By the way, it is not lost on me that I was smashing those bitter-tasting gourds on the road as a young girl.  I feel it was a sneak peek into my future.  God was graciously showing me I would be smashing those poisonous things as part of my ministry for many years down the road.

Romans 8:28  And we know that God causes everything to work together for the good of those who love God and are called according to His purpose for them.

Sunday, July 3, 2011

Judging By Appearances

What if there was a way to live your life so that those who are judgmental, imposing and cruel would be weeded out before you even had to meet them?  I think there is a way to do that, actually.  And a lot of teens have figured it out.

My family was in the mountains once and went to a downtown area where we found a culture that was steeped in new age philosophy with lots of astrological stuff, "emo" fashion, tons of drug references, upside down stars, coffee shops and other hang out places where they would all congregate.  A lot of the kids were wearing all black and had earrings, tattoos, purple and blue hair and body piercings.  I thought for a moment it would be a difficult place for me to walk through.  But something else happened that day.

I felt the judgmental attitude creeping up on me so I prayed immediately that God would show me these people the way He sees them.  He answered my prayer and instilled in my heart a deep love for these kids.  Instead of walking through there uncomfortable and offended, I felt compassion for them.  I realized that often, the reason so many kids define themselves in a culture like that is to weed out the people who are going to judge them right off the bat.  Those would be the people who don't take the time to get to know them as a person because of how they look.  I don't want to be one of those people.

But what if their appearance didn't freak us out?  Instead of rolling our eyes and labeling them, what would happen if we reached out to them, without batting an eye?  What if instead of looking at the outside, we began to ask God to show us the inside? 

What I saw was a culture of young people who are seeking Truth...but looking in the wrong places.  I saw kids just like mine, but with different clothes, opinions and ideas than mine.  I saw people who need to know Jesus and I realized that the chances of them finding Him in a culture like that are very slim if Christians don't give them the time of day based on their appearance. Instead of cringing and judging, I was praying for them and connecting with them.  They just want to be loved...just like everyone else.  It's our deepest human need.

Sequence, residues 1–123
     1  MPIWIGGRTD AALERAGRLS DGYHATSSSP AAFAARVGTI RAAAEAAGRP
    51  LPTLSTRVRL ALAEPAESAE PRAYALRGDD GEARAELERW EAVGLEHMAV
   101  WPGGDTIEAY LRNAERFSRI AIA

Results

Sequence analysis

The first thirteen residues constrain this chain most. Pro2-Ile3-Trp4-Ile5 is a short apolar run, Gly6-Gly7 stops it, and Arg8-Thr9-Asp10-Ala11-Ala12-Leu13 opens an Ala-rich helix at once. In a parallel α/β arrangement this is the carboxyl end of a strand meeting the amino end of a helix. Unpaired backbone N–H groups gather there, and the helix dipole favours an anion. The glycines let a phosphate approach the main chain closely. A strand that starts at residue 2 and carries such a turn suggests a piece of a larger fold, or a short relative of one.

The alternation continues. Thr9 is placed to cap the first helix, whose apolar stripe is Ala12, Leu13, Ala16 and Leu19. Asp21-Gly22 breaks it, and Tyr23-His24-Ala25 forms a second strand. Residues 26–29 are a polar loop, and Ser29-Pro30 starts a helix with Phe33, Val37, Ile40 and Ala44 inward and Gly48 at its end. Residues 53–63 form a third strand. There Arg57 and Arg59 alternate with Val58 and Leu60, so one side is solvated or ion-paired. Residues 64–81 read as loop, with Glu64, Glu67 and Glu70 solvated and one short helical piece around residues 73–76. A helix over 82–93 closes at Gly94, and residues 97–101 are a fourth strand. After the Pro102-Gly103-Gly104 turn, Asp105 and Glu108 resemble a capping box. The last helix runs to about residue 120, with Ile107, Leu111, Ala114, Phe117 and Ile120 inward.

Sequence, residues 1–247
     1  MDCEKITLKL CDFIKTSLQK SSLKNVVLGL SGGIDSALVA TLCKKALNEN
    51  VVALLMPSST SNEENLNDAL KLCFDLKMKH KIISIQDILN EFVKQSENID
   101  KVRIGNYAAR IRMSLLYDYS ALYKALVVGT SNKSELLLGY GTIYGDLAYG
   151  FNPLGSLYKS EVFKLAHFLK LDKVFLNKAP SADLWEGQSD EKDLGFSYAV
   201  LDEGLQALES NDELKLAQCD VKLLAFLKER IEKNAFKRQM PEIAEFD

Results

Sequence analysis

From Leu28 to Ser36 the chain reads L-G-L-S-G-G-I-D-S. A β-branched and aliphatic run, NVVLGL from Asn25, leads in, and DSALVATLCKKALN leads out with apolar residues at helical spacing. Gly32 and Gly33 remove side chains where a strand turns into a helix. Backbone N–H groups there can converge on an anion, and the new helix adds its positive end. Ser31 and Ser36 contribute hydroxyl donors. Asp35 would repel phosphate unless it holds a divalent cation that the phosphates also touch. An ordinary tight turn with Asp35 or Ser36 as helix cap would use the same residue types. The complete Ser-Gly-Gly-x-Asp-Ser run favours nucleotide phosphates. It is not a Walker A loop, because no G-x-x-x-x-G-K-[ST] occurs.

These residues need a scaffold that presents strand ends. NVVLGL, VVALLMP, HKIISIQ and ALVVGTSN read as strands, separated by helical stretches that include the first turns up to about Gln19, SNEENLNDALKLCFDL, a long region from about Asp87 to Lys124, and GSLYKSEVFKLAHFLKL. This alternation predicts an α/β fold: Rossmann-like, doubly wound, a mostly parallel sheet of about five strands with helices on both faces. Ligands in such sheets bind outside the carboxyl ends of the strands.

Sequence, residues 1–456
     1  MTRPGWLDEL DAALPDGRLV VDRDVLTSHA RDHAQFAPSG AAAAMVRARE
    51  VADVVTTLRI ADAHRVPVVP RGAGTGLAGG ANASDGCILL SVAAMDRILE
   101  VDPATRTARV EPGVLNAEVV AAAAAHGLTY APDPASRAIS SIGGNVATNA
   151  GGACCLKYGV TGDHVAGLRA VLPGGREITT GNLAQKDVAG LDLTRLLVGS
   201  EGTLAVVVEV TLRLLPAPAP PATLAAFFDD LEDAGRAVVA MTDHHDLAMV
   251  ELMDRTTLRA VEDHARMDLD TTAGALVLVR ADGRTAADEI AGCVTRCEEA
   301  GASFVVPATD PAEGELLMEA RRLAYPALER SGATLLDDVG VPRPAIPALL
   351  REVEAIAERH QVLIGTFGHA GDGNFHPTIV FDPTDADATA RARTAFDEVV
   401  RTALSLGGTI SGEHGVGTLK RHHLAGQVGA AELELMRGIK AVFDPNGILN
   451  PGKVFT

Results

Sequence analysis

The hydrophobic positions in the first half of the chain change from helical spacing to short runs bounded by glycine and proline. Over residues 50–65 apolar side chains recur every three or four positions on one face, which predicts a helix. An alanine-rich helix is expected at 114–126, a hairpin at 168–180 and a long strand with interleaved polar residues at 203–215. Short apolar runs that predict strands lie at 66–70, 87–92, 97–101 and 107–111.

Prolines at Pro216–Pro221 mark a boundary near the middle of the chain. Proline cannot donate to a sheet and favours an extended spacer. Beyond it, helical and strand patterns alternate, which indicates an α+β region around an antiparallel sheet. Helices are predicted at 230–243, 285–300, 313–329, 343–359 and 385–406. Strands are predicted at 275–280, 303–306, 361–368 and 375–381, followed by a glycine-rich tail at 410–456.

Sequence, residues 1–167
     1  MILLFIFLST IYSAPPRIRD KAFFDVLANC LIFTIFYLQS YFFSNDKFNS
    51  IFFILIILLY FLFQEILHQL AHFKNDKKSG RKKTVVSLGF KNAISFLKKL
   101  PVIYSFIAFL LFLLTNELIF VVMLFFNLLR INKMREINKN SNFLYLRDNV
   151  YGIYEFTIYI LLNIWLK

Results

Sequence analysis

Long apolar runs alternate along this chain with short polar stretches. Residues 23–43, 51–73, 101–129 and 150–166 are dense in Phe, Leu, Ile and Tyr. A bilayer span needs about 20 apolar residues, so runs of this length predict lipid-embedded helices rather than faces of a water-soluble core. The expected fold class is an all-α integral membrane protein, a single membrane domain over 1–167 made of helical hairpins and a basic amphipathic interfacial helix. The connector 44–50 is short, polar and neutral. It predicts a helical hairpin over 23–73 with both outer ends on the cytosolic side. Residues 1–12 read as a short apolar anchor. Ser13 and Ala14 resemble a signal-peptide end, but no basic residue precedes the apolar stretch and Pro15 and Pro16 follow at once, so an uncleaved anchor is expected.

The day after we returned home, I was reading a devotional and came across this poem...

I dreamed death came the other night;
And heaven's gates swung wide.
With kindly grace an angel
Ushered me inside.
And there, to my astonishment,
Stood folks I'd judged and labeled
Unfit or of little worth.
Indignant words rose to my lips,
But never were set free;
For every face showed stunned surprise...
No one expected me!  (author unknown)

How many young people seek Truth by going into a church only to be told they need to change their hair, clothes or jewelry in order to attend?  How many young people would never go near a church because that was the place they felt the most judged and condemned?  What about the young person who is in a deep struggle and the only one who is reaching out to them is the one who has a pipe in one hand and a new age philosophy in the other?  How many kids are just waiting for us to see past their facade and into their heart? How will we ever see it, though, if we are avoiding them and judging them?

Oh, I pray God will keep me focused on what matters in this life!  Appearances are not what God is interested in.  It's a heart thing.  If I'm so focused on what others look like on the outside and base my opinions of them on that, I could miss a heart that is yearning and seeking God and tragically, I could miss out on the blessing of helping them to find the Truth they are seeking so desperately - Jesus Christ. 

Oh, and one more thing that I must mention.  Some of the strongest, most on-fire Christians I know have tattoos, piercings and "colorful" hair.  God not only reaches out to those who look different, but He uses those who look different, too.  Never put Him in a box...God never fits in those boxes we try to squeeze Him into.

1 Samuel 16:7...the Lord doesn't see things the way you see them.  People judge by outward appearance, but the Lord looks at the heart.

1 Corinthians 13:1 If I could speak all the languages of earth and of angels, but didn't love others, I would only be a noisy gong or a clanging cymbal.

Got Questions?